Thanks for your extensive reply, a lot of helpful points in it!
I have one remark and one question:
1) I've moved my library to VS2010 to make a performance test: It runs 8% faster compared to VS2008 on the same machine. But this is only the total time including some file read/write and other operations. The benefit for the part which works extensively on the STL containers will probably have more than 8% performance increase (but not more than roughly 20% to 25% which is still fine for me considering that I didn't have any work to achieve this except recompiling).
2) Why didn't you use the new allocator_chunklist in VS2010 instead of your hand-written block allocator? Isn't this allocators intention to provide a block allocation out of the box? Did you avoid it because the allocator is in the stdext namespace and not standard compliant? Does the allocator_chunklist have any drawbacks? (I'm asking because it's the allocator I am planning to make use of in my library.)
Hi Stephan, thanks for these great lectures! They are very, very useful and unique to have an introduction into the new STL features available in VS2010.
There is one special subject that I would love to hear more about in one of your future STL videos - and that is: Allocators.
Accidentally I saw on the Dinkumware website that they offer an "Allocators library". Taking then a closer look to MSDN I found that this library is indeed also part of VS2010 ("allocators" header file). Is that new in VS2010? At least I can't remember having this in VS2008.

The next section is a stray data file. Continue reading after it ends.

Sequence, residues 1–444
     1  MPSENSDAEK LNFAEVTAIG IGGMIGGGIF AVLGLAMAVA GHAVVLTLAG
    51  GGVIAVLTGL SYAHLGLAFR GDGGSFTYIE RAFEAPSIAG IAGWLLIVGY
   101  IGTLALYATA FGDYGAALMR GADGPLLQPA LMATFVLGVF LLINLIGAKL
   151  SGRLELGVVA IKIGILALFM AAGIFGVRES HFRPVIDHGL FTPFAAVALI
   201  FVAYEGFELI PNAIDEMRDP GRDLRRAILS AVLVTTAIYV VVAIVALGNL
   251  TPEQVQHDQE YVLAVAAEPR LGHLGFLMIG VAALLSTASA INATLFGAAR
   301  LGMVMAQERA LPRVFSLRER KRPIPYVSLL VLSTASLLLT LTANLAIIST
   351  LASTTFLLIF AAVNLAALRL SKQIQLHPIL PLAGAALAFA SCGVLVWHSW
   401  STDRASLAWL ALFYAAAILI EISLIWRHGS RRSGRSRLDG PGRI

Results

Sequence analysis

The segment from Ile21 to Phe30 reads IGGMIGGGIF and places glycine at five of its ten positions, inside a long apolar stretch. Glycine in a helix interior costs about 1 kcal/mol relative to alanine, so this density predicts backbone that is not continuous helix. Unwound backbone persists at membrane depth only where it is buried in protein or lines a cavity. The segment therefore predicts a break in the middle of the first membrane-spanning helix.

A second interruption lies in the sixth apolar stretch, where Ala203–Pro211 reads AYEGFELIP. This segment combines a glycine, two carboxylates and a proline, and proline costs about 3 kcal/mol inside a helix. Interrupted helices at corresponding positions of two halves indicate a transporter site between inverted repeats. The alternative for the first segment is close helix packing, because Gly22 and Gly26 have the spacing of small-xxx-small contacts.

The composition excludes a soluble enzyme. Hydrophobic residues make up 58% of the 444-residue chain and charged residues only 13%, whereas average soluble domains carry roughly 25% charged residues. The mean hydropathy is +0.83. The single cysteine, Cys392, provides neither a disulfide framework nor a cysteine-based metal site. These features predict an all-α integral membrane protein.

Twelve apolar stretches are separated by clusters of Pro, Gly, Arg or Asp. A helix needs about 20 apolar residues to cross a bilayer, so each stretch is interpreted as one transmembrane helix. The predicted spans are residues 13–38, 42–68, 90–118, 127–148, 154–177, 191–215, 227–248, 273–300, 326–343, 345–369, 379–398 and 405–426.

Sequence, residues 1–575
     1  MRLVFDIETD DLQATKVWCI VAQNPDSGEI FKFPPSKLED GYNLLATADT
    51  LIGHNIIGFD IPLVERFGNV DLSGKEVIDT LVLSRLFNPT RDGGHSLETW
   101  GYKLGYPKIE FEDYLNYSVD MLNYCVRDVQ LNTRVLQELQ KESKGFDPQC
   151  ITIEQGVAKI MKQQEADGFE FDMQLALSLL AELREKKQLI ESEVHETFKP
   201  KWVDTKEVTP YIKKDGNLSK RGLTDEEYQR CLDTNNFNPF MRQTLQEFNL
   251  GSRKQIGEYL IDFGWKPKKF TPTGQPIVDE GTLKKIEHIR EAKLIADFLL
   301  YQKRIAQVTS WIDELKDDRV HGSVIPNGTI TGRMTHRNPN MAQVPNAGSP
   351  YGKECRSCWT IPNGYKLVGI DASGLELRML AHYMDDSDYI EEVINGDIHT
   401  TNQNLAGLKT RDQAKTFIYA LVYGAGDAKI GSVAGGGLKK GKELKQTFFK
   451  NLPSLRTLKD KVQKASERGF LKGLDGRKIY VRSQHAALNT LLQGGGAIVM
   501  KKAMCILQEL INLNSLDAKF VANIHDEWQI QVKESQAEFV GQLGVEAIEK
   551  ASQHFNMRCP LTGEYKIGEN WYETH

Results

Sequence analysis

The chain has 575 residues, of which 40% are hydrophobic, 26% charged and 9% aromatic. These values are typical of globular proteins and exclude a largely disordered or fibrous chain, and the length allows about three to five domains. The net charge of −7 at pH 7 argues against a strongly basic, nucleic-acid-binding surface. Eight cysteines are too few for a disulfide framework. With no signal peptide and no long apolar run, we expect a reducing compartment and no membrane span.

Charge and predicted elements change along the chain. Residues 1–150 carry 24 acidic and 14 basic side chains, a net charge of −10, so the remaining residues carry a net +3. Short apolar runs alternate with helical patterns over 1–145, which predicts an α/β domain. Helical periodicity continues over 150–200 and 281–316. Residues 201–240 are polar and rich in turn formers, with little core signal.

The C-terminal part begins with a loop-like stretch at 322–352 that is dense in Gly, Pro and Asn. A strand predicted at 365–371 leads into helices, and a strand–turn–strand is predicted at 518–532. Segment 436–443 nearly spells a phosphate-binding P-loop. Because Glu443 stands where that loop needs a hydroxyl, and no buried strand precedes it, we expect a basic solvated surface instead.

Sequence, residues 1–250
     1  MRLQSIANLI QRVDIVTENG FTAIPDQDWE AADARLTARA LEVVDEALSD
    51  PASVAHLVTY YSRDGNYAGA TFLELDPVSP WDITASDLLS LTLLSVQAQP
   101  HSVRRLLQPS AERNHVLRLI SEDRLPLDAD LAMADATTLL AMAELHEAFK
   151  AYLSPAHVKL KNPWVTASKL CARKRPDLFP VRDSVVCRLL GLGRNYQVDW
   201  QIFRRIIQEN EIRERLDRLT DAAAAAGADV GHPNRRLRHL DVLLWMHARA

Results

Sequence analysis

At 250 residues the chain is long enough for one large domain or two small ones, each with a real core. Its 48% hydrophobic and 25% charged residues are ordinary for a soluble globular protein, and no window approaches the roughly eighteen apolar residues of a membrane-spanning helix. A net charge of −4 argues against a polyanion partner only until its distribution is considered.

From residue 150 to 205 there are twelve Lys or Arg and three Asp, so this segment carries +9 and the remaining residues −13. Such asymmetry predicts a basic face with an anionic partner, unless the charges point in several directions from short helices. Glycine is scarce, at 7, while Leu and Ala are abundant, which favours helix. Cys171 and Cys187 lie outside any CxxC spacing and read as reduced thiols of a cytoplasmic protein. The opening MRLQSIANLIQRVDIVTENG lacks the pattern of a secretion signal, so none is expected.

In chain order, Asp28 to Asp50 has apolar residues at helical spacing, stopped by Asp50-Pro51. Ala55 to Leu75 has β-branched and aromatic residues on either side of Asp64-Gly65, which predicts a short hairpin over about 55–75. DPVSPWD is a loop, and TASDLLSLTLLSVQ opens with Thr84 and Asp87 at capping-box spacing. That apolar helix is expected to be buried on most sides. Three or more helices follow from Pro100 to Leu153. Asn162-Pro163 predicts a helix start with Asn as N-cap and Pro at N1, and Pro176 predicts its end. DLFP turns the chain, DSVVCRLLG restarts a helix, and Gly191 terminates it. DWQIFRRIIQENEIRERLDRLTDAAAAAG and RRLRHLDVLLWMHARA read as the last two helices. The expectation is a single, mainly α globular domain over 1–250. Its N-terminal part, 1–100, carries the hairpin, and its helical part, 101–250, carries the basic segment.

I'm especially interested in this subject because I am maintaining a library (currently still in VS2008) which deals with very large datasets (detailled road networks for Europe) and does shortest path calculations on the network based on a preprocessed graph which allows for much faster path calculations.
This mentioned preprocessing uses STL and I'm having constant trouble with memory management, especially memory fragmentation, because the algorithm used by this preprocessing happens to need a huge amount of inserts and removes of small objects from map and list containers. I've already done a lot of changes and optimizations of the algorithm itself but I am pretty sure that I could make a major step forward by replacing the STL default allocator by some other allocator which can help to reduce memory fragmentation.
So I was happy to see now a thing like "allocator_chunklist" and the other allocators in the library which allow to customize memory management in STL.
Well, perhaps this wish is too special for your introduction, but it would be great if you could spend a few minutes on this subject sooner or later!
Anyway, if so or not, I'm prepared for a download of the next lecture and hope you still have a lot of stuff to talk about!